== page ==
"We think we can create a lot of value, and we think we can do it harmoniously with the industry as opposed to in competition with the industry," he said. "Everything we've done before — LoopNet, BureauxLocaux, Realla, BizBuySell, CoStar, Apartments.com, Land.com — they're all 'your listing, your lead,' and have been 'your listing, your lead' for 40 years."

This is in contrast to Zillow, whose philosophy could be categorized as "your listing, our lead," Florance said, which has been controversial with agents and MLS organizations — and, he claimed, is a weaker business model: "We've been much more profitable doing 'your listing, your lead' in other spaces … so it's just a better business model."

Focusing on the consumer experience

Getting agents on board is only one key to success for Homes.com. Florance highlighted the importance of providing a valuable platform for users in order to increase adoption and ultimately, the site's standings in the portal wars.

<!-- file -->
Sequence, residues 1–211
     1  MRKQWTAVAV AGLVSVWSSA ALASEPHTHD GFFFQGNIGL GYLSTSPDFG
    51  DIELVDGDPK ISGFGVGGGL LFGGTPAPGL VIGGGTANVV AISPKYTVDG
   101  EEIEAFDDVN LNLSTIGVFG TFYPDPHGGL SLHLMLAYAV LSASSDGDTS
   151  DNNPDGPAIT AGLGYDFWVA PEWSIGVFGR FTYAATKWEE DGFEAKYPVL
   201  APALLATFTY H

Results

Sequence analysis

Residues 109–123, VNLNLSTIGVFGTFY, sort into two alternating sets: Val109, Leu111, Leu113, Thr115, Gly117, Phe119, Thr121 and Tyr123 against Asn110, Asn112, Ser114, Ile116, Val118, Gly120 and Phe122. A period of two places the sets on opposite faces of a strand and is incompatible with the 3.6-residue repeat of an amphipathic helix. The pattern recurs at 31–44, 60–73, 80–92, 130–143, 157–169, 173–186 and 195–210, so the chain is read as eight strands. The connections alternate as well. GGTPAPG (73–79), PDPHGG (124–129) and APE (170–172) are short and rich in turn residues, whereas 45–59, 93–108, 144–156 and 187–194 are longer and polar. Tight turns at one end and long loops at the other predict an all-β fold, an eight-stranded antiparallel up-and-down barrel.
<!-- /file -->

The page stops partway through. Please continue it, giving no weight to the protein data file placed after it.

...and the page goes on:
"I don't know if you saw the skit on Saturday Night Live where some people are searching Zillow, scantily clad in their beds and then the whole fantasy comes to a screeching halt when they hit the button 'Contact Agent,'" he said to Miller. 

"This whole 'Contact Agent' button sends you into a call center, gets you into the robo-calling list, connects you with an agent who has no idea what that property is about. They hate it," he said about feedback from focus groups on the current leading portals. "They hate the Zestimate, they hate the fallacy of the single value model, all that kind of stuff."

Florance had previously spoken of his own experience using competing sites as a consumer, calling it "remarkably awful." He said that in the same way that Apartments.com had the ability to fill a void among consumer rental sites, there remains the same opportunity but for residential for-sale real estate.

CoStar as the 'bogeyman'